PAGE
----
I Heart SCV
Of Art School and Schools of Art
March, 2009 - Issue #53
Santa Clarita may not be a college town, but we're certainly a town with college. We have the ever-popular College of the Canyons, spiritual sanctuary offered by The Master's College, career schools like Flair Beauty College... then there's CalArts.

It's a great school - ranked the seventh best fine arts graduate program in the nation by U.S. News & World Report - but it's something of an institutional island. You might even call it an other, sensu the "The Other Project" by Evelyn Serranno. She's the CalArts student who set up a refugee-style tent which one could visit or "inhabit" for a week of readings, performances and dialogues to engage ideas and entities thought of as otherly to ourselves. It's the kind of originality one expects of CalArts students, but not necessarily the thing to draw many Claritans in. Even when offered this chance to interact with the California Institute of the Arts, most took the "I'll keep my Thomas Kinkade, you keep your tent" route. For most, CalArts remains its own little city on a hill, our very own, original other.

Just as we're more town-with-college than college town, does our interaction with CalArts prove we're more town-with-art than art town? If so, there are many fighting to make us a true haven for art, and they're having a good run lately.

In January, the Santa Clarita Film Festival was held at the Repertory East Playhouse. It's a chance for independent films to be shown and the independent-minded to watch them. The big winner was "Struck," directed by Taron Lexton. It features a man named Joel (Bodhi Elfman) who is skewered by an arrow but remains completely unharmed. The catch is, he can't take the arrow out. After being "struck," there is much hilarity as he tries to ride in a crowded elevator with a three-foot arrow in his chest, a string of awkward dates, melancholy, and finally, love. The whole journey takes about seven minutes, and as of this writing, Santa Clarita's is one of 12 film festivals to honor Lexton's effort.
Local filmmakers, especially the younger set, were also recognized. Winning the "Script 2 Screen" student film prize was "All the Small Things," set to the namesake Blink 182 song. It portrayed a negligent SCV Mom dropping her daughter off at Newhall Elementary, oblivious to the kid because of cell phone calls. But then art diverges from life, and the whole thing ends happily. Much darker (haunting, in fact) was the college division winner, "Sebastian's Voodoo." It can be viewed online and is well worth the 10-minute investment. While Santa Clarita has always been involved in the Hollywood movie industry, recognizing local and independent filmmakers earns us definite bonus art points.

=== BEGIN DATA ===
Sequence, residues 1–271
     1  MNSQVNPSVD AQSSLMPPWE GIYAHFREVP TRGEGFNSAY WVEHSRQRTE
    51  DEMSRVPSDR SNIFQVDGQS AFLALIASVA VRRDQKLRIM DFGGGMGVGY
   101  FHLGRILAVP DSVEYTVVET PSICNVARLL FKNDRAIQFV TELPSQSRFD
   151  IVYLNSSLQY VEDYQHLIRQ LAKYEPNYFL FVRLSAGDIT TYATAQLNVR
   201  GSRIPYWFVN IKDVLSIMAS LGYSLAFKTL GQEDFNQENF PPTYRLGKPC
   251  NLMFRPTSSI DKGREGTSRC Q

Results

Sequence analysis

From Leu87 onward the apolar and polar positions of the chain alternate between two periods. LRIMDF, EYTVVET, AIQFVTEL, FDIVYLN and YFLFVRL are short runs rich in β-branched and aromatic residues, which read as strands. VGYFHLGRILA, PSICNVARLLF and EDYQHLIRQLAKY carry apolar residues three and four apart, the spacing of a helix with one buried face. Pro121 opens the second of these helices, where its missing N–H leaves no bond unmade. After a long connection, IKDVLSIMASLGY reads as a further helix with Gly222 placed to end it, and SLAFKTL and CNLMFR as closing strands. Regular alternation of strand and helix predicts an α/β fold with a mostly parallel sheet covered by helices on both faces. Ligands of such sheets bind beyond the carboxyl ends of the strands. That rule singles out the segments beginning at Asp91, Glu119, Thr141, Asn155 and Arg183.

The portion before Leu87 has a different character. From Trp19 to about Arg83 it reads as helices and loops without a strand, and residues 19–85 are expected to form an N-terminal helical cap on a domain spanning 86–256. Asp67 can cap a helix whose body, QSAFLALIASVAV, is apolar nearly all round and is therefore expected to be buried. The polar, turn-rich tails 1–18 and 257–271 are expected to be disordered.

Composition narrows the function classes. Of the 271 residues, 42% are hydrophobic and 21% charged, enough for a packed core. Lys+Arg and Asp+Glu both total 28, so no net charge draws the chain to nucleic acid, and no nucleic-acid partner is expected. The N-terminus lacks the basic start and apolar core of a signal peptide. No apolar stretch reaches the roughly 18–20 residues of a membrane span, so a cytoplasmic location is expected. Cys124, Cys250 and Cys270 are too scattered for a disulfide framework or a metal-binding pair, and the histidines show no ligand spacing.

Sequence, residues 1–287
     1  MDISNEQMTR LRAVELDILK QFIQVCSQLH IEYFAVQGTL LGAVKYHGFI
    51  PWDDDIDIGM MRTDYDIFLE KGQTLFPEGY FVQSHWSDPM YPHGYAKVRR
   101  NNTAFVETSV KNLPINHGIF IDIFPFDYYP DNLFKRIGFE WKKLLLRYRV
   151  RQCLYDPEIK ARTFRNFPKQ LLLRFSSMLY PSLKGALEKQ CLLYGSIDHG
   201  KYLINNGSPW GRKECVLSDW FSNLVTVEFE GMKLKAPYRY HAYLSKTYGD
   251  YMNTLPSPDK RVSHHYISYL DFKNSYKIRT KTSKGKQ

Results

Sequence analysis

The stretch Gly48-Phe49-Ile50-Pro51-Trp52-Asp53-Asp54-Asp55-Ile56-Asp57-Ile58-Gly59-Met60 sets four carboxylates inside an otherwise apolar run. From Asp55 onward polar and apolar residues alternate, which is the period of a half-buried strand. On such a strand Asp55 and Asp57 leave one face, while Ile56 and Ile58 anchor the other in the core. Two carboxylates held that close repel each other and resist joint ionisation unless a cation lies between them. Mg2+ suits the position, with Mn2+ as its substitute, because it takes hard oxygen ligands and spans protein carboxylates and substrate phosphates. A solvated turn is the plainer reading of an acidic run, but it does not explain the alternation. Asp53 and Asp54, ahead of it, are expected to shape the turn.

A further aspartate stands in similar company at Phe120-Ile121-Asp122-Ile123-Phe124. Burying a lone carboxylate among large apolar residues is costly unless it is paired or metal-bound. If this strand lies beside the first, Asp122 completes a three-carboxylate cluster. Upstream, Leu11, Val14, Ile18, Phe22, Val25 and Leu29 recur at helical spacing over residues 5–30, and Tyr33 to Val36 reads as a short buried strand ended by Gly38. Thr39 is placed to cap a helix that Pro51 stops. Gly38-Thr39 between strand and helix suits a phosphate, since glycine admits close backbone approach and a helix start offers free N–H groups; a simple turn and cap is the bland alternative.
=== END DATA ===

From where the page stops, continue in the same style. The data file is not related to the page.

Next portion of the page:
The Cowboy Festival might be the most beloved of all our big artsy events. When it comes around next month, Claritans will throng in the thousands to admire the craft of cowboy poets, singers, lassoers, blacksmiths, riders, performers and artisans. It's art for the every-Claritan, playing up our love for Western culture and, most especially, the culinary arts of brisket and cobbler.
This year, local painter Morgan Weistling has set the tone for the event with his work "The Dance." You'll be seeing it on t-shirts and posters very soon, a masterful depiction of Western musicians playing a tune for a dancing, barefoot girl wearing a pink dress and wide-brimmed hat. The painting portrays a small, simple joy, the kind that once existed in Santa Clarita.

Artists Heard
Drama spilled out of the Santa Clarita Performing Arts Center at College of the Canyons and into the City Council meeting held January 27. It was much ado about MOU, a "Memorandum Of Understanding." The City gave $2.4 million to the center, and the center granted community groups exclusive use of the facility on one-third of weekends. Officials from the City and college had seemingly agreed on dissolving the MOU since they couldn't agree on how to fund maintenance costs. That's when Joan MacGregor, of the COC Board of Trustees, came forward and decried the plans to end the relationship between the City and Performing Arts Center. It's all rather complicated and confusing, but the important thing is that the City has agreed to enter more talks to make sure it is as supportive as it can be of local performing groups and the Performing Arts Center.

Just two weeks before, the City Council had voted in favor of changing the present Arts Committee to an Arts Commission. Apart from having to swap out a "mittee" for "mission" on the letterhead, the Commission will have more power and prominence to support artistic interests in Santa Clarita. This designation came only after dozens of earnest entreaties from all manner of local artists. It seems that Claritans heart art enough so that when the arts community speaks, SCV listens. Art town, here we come.

This column is intended as satire and a (sometimes successful) attempt at humor. Suggestions, catty comments and veiled threats intended for the author can be e-mailed to
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